Why Maintaining Public Infrastructure is So Important

Posted by Willie du Preez[1]

Public Infrastructure assets are a foundation of a country’s economic development. Maintaining such assets in good condition is critical. Infrastructure wears out with time and use. Neglected infrastructure will result in degradation of the assets with negative effects on the economy, leading to greater costs of reconstruction over time. The goal of maintenance is to preserve an asset, not to upgrade it. It includes minor repairs (routine maintenance) and improvements (capital maintenance) to eliminate the cause of defects and to avoid excessive repetition of routine maintenance efforts.

Many recent Public Investment Management Assessment (PIMA) reports prepared by the IMF’s Fiscal Affairs Department have shown that countries maintain little information of the current status and quality of their public infrastructure assets. As a result, the amounts allocated in the budget are often insufficient to meet even minimal levels of routine maintenance. And these inadequate budgets may be cut further during the year to make room for politically more desirable spending. On the other hand, the budgets allocated for capital maintenance are often large, a consequence of the neglect of routine maintenance.

To make reliable estimates of maintenance requirements, governments need to put in place a comprehensive register of their fixed assets, such as buildings, roads and power lines. Unfortunately, infrastructure asset registers are either rarely maintained by countries or do not exist. Maintaining an asset register, backed by a condition report on each asset, is of vital importance, to reduce maintenance costs and increase the life span and quality of the infrastructure. The register provides a country with a record of all previous transactions pertaining to the asset, which include maintenance, modifications, and upgrades as well as performance information.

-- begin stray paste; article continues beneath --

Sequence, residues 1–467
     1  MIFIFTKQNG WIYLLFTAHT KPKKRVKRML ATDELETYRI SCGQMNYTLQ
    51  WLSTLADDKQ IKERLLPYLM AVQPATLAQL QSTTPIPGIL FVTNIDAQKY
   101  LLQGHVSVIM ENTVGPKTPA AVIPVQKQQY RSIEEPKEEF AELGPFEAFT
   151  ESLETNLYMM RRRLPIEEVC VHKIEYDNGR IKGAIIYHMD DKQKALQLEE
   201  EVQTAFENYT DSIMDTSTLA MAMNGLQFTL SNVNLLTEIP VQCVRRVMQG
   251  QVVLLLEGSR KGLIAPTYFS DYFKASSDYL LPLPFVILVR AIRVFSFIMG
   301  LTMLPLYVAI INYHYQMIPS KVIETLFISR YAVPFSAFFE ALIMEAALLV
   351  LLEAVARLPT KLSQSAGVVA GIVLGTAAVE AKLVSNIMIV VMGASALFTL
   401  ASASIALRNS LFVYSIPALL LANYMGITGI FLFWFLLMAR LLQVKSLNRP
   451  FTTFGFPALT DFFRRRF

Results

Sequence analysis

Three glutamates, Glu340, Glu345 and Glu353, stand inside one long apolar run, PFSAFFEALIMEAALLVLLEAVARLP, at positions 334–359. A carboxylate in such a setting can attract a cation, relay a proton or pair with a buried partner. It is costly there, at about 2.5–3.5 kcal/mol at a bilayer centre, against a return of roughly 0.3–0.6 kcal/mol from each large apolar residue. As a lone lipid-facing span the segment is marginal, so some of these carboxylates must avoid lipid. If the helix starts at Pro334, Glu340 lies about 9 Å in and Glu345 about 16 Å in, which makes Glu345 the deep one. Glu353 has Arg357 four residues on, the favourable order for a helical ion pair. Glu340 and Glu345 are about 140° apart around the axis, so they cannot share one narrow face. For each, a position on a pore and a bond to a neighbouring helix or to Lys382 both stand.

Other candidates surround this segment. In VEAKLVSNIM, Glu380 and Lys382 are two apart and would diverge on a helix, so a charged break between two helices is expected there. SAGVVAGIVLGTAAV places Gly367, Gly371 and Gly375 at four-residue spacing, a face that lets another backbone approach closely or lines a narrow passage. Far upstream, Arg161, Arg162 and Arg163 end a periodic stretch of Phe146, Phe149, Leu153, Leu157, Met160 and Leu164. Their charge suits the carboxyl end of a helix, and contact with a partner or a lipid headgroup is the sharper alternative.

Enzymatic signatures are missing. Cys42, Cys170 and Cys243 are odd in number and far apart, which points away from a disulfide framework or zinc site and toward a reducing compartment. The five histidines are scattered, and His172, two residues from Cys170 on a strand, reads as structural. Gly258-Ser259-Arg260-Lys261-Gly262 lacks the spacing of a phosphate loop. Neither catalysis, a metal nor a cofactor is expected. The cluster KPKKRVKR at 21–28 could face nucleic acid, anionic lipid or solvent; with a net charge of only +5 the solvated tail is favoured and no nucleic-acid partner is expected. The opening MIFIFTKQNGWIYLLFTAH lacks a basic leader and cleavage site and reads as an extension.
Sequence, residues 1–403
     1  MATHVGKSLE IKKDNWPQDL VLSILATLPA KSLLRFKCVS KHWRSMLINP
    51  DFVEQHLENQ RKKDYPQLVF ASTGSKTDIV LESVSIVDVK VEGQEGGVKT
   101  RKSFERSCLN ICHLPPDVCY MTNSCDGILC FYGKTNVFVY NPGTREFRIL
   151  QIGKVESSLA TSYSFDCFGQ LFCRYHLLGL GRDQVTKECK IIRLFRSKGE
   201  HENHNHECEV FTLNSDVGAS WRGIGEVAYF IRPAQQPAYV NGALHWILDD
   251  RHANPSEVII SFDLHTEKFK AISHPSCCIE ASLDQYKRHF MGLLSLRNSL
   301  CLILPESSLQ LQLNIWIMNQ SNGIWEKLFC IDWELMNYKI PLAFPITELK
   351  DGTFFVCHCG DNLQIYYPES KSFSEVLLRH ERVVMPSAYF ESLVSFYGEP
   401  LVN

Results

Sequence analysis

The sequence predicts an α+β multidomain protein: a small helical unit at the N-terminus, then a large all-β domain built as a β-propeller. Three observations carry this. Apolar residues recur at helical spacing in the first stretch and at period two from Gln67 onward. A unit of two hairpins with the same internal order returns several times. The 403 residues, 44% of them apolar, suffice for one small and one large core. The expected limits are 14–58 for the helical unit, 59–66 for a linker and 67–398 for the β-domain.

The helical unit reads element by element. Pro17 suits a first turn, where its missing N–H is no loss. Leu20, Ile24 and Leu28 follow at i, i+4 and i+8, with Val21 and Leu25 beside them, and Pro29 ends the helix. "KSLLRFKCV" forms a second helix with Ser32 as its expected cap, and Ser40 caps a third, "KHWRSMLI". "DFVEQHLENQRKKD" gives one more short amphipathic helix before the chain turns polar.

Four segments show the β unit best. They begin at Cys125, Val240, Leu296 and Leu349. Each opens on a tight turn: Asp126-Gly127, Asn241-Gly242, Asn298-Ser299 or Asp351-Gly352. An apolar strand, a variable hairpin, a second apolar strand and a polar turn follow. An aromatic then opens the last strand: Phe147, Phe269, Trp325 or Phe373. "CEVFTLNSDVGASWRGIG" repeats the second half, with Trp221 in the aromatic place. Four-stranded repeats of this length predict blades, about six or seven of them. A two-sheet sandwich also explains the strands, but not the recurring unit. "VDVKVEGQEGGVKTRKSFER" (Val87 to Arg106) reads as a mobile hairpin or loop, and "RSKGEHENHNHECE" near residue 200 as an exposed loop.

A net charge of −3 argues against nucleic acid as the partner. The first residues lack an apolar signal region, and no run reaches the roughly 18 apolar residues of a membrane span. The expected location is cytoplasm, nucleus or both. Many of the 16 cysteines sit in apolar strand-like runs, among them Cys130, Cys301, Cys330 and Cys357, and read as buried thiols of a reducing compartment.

According to the World Bank, returns on maintenance on road projects were almost twice as much as those on projects that involved mainly new construction. If maintenance has such a high return, why do countries not prioritize these expenditures? Financing might be one issue. It is often easier for governments to borrow money from international institutions for the construction of new infrastructure than to obtain money for maintenance. Maintenance can be delayed, therefore, and in times of budget tightening may bear much of the burden of fiscal adjustment.

Economic theory suggests that there is a non-linear relationship between the ratio of maintenance to new investment and economic growth. Growth increases when the maintenance to new investment ratio increases to an optimal level, but growth decreases thereafter. See illustration in the chart below.

Figure 1 (Click on the graph for a better image resolution)

Source: Kalaitzidakis and Kalyvitis (2005).

Some practical examples illustrate this important relationship. A recent study by the Federation of Zambian Road Hauliers, for example, examined the effects of bad road conditions on a vehicle’s operating cost. One set of truck and tractor trailers travelled for one year along a road in good condition. Another set travelled along a pothole-filled road in bad condition. At the end of the year, the company had spent about US$14,000 more on repairing the vehicles using the pothole-filled road. This shows in microcosm the negative effect of the neglect of maintenance on an economy, as well as the costs to operators of transport companies.

Another study showed that infrastructure-related spending in Canada has recently fallen to half of its level in the 1960’s and that maintenance has been neglected, leading to the collapse of one urban overpass and the crumbling of other infrastructure. The study estimated that Canada would need to spend about $72 billion on new public investment projects and $123 billion for the maintenance of existing infrastructure.

In some cases, maintenance may be improved through decentralization. A celebrated study of the Peruvian Rural Roads Project was described by the World Bank (2007). The approach involved letting the rural communities set priorities for the roads to be rehabilitated. The technical management and budgeting of rural roads was decentralized to provincial municipalities over time. About 38 provincial road institutes were created with many local authorities as members. These institutes in turn formed micro-enterprises comprised of some of the poorest members of the communities. In all, more than 500 micro-enterprises were formed, employing 5,700 workers (30 percent of whom were female). The timeliness and efficiency of maintenance improved significantly, while at the same time increasing entrepreneurial capacity and reducing poverty. Under this initiative, about 13,000 km of roads were rehabilitated and maintained.


[1] Consultant, based in Pretoria, South Africa.

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